If, and when, you find registration information, spend a few minutes digging through any reports that are provided. Depending on the regulatory agency, e.g. SEC or FINRA, in which you’re doing your research, you may also find an extensive history of disciplinary actions, penalties and more against that person. This is great information that will give you a better idea of the financial professional asking for your trust.
4. Problems with sales documents
A sure sign of danger is a financial professional who refuses to give you information in writing, be it
an offering document, compensation arrangements or account statements. Since this post is talking about warning signs before investing, I want to focus on being cautious of securities with offering documents that look unprofessional or are simply unavailable.
The type of offering document you might receive will vary according to the type of security. Regardless of the document, what you want to look for are typographical errors, basic grammatical errors, incomplete sections, missing financial information or other items that just seem out of place.
To be straightforward about researching your offering documents, being able to scrub through these documents for issues is a skill that develops after reviewing these types of documents over and over. Additionally, disclosures required in these documents constantly change, so in some cases, additional research is required to find out if you are, in fact, receiving complete documents. While you could read and research on your own (which is doable and there are things online that could help), I highly recommend reaching out to a licensed professional, such as an attorney or CPA to look at your offering documents. Outsourcing the research will save you a lot of time and energy.
5. No net worth or income requirements
For securities privately offered to individuals, there are certain net worth or income requirements in order to participate in the offering and for the issuer to avoid securities violations. (You can learn about these requirements here.) One way professionals determine if someone meets these requirements is to provide a prospective investor with an investor questionnaire. This questionnaire is a checklist for determining if you meet accredited investor status. If you don't meet the criteria, you shouldn't be offered or sold the security.
If you are ever approached by someone who is offering you a private investment opportunity, and he/she doesn’t ask about your net worth or income requirements, be highly cautious about proceeding to invest in that opportunity. Even if they ask verbally, I would still recommend being cautious if they fail to provide you formal documentation, such as an investor questionnaire, to complete to verify your accredited investor status. Failure to do that is just amateur hour, and you don't want to be involved with that.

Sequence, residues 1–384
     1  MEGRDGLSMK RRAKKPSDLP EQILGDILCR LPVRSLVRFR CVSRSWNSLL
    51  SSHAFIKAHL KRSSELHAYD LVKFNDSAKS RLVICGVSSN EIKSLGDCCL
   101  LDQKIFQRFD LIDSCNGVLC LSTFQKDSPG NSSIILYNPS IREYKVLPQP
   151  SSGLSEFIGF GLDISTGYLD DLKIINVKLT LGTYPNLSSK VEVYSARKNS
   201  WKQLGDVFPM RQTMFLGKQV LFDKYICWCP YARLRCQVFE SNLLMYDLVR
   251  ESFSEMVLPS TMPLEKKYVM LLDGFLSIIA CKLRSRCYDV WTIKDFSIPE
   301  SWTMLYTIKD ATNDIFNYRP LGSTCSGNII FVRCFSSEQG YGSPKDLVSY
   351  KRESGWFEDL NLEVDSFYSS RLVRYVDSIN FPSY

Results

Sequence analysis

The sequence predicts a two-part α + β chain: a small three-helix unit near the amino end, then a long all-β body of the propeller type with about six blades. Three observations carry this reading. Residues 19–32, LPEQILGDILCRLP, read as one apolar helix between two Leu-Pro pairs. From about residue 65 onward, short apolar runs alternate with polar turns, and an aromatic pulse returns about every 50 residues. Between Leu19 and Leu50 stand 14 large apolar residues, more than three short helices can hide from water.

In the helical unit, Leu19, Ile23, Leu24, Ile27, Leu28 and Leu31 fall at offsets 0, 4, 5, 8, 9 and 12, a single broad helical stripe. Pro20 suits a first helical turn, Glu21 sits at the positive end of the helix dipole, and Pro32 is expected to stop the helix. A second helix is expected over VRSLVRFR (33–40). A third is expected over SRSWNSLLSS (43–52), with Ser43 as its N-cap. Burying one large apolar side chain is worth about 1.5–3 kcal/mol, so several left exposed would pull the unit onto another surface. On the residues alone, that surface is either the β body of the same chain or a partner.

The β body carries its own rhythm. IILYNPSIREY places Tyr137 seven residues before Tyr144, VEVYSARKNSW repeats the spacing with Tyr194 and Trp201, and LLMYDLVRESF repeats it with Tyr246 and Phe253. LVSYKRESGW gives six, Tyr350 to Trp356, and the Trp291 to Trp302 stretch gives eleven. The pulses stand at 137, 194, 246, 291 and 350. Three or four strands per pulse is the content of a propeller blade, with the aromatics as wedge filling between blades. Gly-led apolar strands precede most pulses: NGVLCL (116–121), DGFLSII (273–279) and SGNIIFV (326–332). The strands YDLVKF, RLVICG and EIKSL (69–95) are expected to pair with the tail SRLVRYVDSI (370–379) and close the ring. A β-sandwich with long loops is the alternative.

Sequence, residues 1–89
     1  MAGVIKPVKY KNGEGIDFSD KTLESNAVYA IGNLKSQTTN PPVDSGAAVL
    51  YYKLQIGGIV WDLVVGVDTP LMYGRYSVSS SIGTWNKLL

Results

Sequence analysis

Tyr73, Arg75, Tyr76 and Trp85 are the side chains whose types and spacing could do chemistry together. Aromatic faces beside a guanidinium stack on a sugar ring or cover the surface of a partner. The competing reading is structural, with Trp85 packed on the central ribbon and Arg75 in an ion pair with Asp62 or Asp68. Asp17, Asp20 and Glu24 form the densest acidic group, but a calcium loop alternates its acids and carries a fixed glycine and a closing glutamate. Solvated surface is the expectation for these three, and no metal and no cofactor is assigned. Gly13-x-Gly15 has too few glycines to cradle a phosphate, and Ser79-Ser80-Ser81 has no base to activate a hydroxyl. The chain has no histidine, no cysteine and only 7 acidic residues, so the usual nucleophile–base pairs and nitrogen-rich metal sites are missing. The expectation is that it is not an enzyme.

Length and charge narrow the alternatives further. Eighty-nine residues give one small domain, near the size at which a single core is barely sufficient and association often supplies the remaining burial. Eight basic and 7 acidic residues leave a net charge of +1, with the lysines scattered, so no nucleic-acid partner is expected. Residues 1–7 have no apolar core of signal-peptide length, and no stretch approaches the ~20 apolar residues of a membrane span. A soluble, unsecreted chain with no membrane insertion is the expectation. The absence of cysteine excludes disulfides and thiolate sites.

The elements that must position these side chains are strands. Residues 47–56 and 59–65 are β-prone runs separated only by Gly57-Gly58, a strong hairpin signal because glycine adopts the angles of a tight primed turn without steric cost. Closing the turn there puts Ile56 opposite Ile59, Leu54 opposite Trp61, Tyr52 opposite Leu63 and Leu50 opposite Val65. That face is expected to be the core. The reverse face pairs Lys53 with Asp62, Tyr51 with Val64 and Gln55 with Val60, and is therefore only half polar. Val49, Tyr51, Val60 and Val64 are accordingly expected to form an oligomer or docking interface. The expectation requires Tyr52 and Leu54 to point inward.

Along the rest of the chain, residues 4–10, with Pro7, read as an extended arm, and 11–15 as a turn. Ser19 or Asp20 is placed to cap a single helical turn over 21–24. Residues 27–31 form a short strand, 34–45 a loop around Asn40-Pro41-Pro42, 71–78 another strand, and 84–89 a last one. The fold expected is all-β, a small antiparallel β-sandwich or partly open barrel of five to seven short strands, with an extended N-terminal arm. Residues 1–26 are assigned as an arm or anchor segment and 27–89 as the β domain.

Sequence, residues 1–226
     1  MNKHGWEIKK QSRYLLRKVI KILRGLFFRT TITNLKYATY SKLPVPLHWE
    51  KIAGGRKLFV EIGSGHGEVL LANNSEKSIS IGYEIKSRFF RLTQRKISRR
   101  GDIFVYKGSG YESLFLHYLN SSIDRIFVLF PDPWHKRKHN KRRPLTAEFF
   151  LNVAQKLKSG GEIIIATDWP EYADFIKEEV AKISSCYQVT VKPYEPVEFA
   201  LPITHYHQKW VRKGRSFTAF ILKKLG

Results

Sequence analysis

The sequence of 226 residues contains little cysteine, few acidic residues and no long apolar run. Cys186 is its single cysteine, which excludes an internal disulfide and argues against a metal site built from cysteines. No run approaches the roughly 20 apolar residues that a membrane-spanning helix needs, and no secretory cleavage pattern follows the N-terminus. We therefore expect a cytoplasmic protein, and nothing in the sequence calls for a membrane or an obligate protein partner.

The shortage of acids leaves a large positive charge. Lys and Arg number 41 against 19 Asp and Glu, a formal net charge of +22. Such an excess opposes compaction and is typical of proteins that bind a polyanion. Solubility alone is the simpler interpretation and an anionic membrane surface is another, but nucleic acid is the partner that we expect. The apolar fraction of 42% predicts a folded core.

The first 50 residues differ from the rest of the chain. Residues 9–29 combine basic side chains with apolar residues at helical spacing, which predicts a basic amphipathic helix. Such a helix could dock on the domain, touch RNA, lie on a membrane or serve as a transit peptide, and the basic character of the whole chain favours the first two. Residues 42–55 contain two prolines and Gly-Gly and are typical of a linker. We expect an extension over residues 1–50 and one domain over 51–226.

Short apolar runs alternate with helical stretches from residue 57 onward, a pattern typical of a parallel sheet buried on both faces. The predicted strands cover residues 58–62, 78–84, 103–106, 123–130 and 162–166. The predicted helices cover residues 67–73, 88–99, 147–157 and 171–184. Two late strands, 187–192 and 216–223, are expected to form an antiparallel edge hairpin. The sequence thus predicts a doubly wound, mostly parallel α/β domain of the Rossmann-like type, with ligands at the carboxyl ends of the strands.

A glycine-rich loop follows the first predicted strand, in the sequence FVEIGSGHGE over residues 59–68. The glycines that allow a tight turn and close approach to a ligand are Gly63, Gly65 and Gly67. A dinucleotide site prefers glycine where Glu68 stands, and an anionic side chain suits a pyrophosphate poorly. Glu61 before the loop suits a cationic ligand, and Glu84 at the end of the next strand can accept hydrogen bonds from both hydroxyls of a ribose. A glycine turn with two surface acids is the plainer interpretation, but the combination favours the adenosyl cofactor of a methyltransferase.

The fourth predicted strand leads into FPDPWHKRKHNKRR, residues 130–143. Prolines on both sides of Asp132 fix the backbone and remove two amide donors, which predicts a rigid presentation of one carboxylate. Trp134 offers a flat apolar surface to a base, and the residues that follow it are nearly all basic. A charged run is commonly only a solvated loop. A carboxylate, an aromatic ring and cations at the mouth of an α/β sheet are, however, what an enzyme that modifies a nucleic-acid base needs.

6. No one else seems involved
While not always 100% representative of a scam-free investment opportunity, a legit investment opportunity should have more than just the salesperson involved. Other parties involved might include investment banks, other investors, attorneys, accountants and brokerage firms. If it looks like, and it is, just you and the salesperson going in on the deal, be extremely careful. At the end of the day, he/she may not even be investing any money (despite claims), and if you don't have access to real bank statements, you may never find out if they are being truthful.
To find out if you are the only other party involved besides the salesperson, simply ask if you can speak with other investors. If the salesperson seems reluctant to providing you the names and contact information of other investors and goes as far as saying not to contact other people, consider finding another investment opportunity.
(As a side note, if you are given names. Google them. Check out social media presence. Do these things to make sure they don't have some tie to the salesperson other than being a third-party investor. The last thing you want is for the salesperson to give you name of someone else in on the scam.)
7. Sham or virtual offices
Some scams make use of virtual and/or temporary offices. Scammers do this to make it easy for them to quickly close shop or hide themselves soon after a fraud is executed. If you can’t find an address online, ask your contact for an address and cross check it with Google Maps and regulatory agencies (e.g., SEC or FINRA) that require registered financial professionals to provide their addresses. You'll want to do a cross check to make sure the information is consistent. If the address is located near you, you may even consider dropping by to check the office.
The idea behind investigating the office is to make sure it is being run as a legitimate operation and not out of a parent's basement or some boiler room (which is a makeshift brokerage firm that uses aggressive sales tactics and stock manipulation to make money). Today, it’s quite easy to purchase a mailing address in one location without having even stepped foot within the state. If you find that you are working with someone who is doing this, be cautious and follow up on the background behind the office location.
8. Legal entity is not in good standing
All corporations, limited partnerships (LP), limited liability partnerships (LLP) and limited liability companies (LLC) are required to be in good standing in the state in which it was formed and where it is operating.